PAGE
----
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At 22, his first job out of college will be Holyoke mayor

Mayor-elect Alex Morse, only 22, posed for a picture with Giovan Cruz, 10, yesterday in downtown Holyoke.
Mayor-elect Alex Morse, only 22, posed for a picture with Giovan Cruz, 10, yesterday in downtown Holyoke. MATTHEW CAVANAUGH FOR THE BOSTON GLOBE/Globe Freelance

HOLYOKE - The first thing Alex Morse wants you to know is that he is Holyoke born and raised. He attended Holyoke public schools for 12 years. His family - his mother and father, two older brothers, cousins, aunt, nephews, and niece - all live in this old industrial city just north of Springfield. Even for much of his time at Brown University, he came home almost every weekend to stay involved with community organizations he joined in high school.

His local roots, Morse said, give him plenty of local experience, even if, at age 22, being mayor of his hometown is his first job out of college.

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Morse, who graduated from Brown in May, was elected to Holyoke’s chief executive office Tuesday night, making him the youngest person ever to hold the position. He beat the incumbent, 67-year-old Elaine Pluta, by 608 votes.

When it comes to credentials, he said, he has been racking them up in Holyoke for half his life, since the age of 11, when he joined the city’s Youth Commission.

Morse pledged to provide “a shot in the arm’’ to this city, stained by its enduring struggle with poverty, drugs, and unemployment.

“This wasn’t a question of age,’’ Morse said yesterday. “People are unhappy with the way things have been going here for the past 30 or 40 years. Once people met me and heard my ideas, they forgot I was 22.’’

While munching on a granola bar and driving his dingy black Buick to an interview at a television news station, he outlined his immediate plans: meetings with the police chief and the outgoing mayor, creation of a transition team, close-up analysis of the city budget, development of a plan for his first 100 days in office.

Through all this, Morse, a plainspoken redhead, barely paused to take a breath.

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“I talk fast,’’ Morse said. “I’ve been trying to work on that.’’

In school, Morse snapped up every leadership position that came his way. His freshman year in high school, he was elected class president. As a junior and senior, he served as student representative on the city’s School Committee. He ran for so many positions, recalled his friend Tessa Romboletti, also 22, he joked that he would eventually work his way up to mayor.

Morse is also gay. He founded the school’s chapter of the Gay-Straight Alliance, then established the city’s first LGBT organization, planning a statewide prom for gay and lesbian teenagers.

“There were times that people had negative things to say to him in the hallway,’’ Bomboletti said. “He was definitely a target for that kind of thing, but he never sunk to their level. He never let them stop him from doing what he needed to do.’’

At Brown, he concentrated in urban studies and studied in the Dominican Republic for five months, becoming fluent in Spanish. By his senior year in college, he was spending almost all his time in Holyoke, organizing his class schedule so he needed to stay in Providence only one or two days a week.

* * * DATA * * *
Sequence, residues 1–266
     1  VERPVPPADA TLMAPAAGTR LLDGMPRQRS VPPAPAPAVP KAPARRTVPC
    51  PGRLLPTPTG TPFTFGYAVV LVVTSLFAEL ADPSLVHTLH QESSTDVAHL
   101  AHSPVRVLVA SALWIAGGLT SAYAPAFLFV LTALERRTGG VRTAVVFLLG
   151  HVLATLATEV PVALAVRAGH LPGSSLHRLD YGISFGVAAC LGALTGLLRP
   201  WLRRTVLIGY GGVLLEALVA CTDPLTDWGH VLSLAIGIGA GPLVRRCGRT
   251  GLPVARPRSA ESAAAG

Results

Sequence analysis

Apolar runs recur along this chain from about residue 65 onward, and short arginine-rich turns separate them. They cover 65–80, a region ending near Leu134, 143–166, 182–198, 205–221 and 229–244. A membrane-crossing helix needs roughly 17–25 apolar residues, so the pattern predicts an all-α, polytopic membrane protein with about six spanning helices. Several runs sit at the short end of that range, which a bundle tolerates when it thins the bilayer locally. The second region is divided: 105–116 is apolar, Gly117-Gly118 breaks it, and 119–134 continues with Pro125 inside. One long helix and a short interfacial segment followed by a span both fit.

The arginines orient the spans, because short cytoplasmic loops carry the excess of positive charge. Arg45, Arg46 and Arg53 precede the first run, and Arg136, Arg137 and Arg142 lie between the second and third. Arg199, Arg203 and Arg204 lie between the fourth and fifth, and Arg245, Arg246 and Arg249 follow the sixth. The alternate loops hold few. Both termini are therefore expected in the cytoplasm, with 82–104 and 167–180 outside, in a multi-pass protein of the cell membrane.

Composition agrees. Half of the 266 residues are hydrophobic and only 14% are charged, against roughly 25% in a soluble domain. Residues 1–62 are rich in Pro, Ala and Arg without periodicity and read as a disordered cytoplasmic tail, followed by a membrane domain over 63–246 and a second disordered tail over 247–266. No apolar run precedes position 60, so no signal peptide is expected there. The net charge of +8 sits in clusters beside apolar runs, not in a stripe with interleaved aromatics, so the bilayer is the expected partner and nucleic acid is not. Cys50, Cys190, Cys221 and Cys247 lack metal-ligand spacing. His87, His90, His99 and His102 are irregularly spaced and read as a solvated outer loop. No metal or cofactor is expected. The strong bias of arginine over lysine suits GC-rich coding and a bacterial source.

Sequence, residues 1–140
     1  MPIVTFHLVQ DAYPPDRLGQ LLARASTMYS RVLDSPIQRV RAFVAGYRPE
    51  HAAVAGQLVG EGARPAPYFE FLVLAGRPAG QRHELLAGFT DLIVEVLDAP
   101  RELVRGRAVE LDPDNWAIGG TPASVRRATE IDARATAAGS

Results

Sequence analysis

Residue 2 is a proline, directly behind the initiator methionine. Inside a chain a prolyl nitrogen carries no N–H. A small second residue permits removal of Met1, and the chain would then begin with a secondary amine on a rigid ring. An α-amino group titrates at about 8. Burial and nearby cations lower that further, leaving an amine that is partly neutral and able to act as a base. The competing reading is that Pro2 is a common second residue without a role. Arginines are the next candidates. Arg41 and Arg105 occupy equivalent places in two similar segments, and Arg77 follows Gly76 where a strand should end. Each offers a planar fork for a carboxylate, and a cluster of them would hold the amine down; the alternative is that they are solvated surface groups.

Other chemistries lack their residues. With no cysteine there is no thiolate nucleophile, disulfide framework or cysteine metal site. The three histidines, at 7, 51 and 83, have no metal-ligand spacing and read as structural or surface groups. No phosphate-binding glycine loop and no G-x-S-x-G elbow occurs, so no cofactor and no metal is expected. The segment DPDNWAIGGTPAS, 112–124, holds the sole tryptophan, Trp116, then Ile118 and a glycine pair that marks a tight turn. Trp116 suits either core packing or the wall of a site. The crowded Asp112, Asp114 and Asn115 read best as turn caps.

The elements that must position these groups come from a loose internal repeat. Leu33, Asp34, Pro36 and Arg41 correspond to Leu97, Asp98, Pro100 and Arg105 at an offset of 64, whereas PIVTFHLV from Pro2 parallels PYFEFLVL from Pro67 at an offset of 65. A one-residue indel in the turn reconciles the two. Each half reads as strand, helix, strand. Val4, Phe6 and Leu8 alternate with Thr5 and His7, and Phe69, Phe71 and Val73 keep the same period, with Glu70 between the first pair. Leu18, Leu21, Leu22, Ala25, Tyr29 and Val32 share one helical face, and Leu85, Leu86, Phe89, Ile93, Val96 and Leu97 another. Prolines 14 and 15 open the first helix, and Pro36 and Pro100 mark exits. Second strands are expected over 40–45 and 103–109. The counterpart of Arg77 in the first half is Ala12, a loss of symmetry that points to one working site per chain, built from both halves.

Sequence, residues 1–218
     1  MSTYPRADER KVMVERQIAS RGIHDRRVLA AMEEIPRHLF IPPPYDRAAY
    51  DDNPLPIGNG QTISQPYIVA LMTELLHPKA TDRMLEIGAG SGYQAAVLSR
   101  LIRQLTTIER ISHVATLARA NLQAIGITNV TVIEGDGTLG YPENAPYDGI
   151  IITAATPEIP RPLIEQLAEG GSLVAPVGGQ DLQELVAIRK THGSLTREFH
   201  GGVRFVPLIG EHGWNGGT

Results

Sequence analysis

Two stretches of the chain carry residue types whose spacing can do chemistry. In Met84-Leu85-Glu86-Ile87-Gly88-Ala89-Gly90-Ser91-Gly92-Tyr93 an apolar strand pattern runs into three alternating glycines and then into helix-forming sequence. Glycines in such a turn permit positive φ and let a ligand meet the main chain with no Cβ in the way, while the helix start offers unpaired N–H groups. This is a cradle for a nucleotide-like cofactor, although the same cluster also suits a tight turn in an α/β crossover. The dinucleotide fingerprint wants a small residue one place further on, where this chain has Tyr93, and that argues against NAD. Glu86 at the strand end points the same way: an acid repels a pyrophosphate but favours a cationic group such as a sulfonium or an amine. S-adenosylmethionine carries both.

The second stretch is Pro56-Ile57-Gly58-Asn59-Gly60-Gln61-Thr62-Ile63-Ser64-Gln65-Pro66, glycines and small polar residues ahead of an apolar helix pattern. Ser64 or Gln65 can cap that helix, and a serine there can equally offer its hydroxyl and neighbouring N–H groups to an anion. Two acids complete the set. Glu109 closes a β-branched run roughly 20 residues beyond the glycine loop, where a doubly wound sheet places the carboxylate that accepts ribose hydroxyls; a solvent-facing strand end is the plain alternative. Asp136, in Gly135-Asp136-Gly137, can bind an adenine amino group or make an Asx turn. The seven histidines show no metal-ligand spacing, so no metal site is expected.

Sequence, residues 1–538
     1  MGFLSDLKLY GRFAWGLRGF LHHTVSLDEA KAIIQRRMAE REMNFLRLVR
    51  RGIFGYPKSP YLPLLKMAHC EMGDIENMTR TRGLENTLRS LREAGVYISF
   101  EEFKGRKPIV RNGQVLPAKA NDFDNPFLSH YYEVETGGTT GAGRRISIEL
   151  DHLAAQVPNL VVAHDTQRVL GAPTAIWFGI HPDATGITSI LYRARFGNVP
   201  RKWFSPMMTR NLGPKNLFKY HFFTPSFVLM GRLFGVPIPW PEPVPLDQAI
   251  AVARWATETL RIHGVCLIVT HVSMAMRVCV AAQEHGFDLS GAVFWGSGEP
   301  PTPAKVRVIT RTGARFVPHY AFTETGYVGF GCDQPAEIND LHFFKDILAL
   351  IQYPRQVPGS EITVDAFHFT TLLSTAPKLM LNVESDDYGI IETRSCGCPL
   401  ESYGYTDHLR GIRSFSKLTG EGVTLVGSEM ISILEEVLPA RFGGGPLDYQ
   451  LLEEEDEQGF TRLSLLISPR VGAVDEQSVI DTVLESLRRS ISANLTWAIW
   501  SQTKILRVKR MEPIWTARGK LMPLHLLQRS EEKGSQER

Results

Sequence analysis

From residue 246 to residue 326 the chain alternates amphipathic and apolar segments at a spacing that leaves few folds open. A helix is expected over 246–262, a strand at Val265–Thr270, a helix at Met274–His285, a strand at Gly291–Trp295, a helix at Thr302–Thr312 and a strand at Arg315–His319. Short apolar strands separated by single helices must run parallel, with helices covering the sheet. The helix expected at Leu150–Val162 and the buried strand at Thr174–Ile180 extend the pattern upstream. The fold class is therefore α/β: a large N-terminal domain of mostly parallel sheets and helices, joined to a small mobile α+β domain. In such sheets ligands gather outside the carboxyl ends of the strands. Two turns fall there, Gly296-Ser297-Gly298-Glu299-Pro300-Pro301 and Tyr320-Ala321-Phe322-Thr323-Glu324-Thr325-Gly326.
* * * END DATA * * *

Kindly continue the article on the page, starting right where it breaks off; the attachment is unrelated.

Brown, he said, strengthened his passion for his hometown.

“It was a big difference,’’ Morse said. “There were lots of people coming there from backgrounds of privilege and wealth, and that’s, you know, not me. So I think it was hard to feel connected to that community, and it made me feel more a part of Holyoke.’’

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In October 2010, he told his family of his plans to run for mayor.

They agreed to help his campaign, though they were wary. No one in the family had ever run for a public office.

“Even people close to me were like, ‘Oh, that’s sweet that he’s running,’ ’’ Morse recalled. “A lot of people told me, ‘It’s great that a young person wanted to get involved.’ ’’

Morse said his success came from old-fashioned retail politics. Many of the people he encountered said a politician had never knocked on their door.

Spanish-speaking residents were impressed by his ability to converse easily.

All of a sudden, he became a serious contender. He raised about $50,000 in contributions. He garnered endorsements from the Springfield newspaper, former Holyoke mayor Michael J. Sullivan, and three city councilors. He won the September primary, beating Pluta by one vote.

“I didn’t run to make a statement or send a message,’’ Morse said. “It was always to win.’’

Governor Deval Patrick called him Tuesday night to congratulate him, as did Senator Scott Brown.

They weren’t alone. Yesterday, one woman at a gas station rolled down her car window as Morse walked by in a suit and tie. “What we need,’’ she shouted, “a fresh face!’’

A man in a leather jacket approached and shook the new mayor’s hand. “Congratulations,’’ the man said. “Hard work always pays off.’’

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Morse said he hopes to stay in office for four or five terms, which last two years. He is not sure he will stay in politics, he said, but he envisions himself working in public service for the rest of his life.

Right now, he has more immediate plans. Outside City Hall in downtown Holyoke, a man hunted in his wallet for coins for the parking meter.

“I wouldn’t worry about it,’’ Morse said. “They don’t give tickets here. That’ll change in January.’’


Martine Powers can be reached at mpowers@globe.com.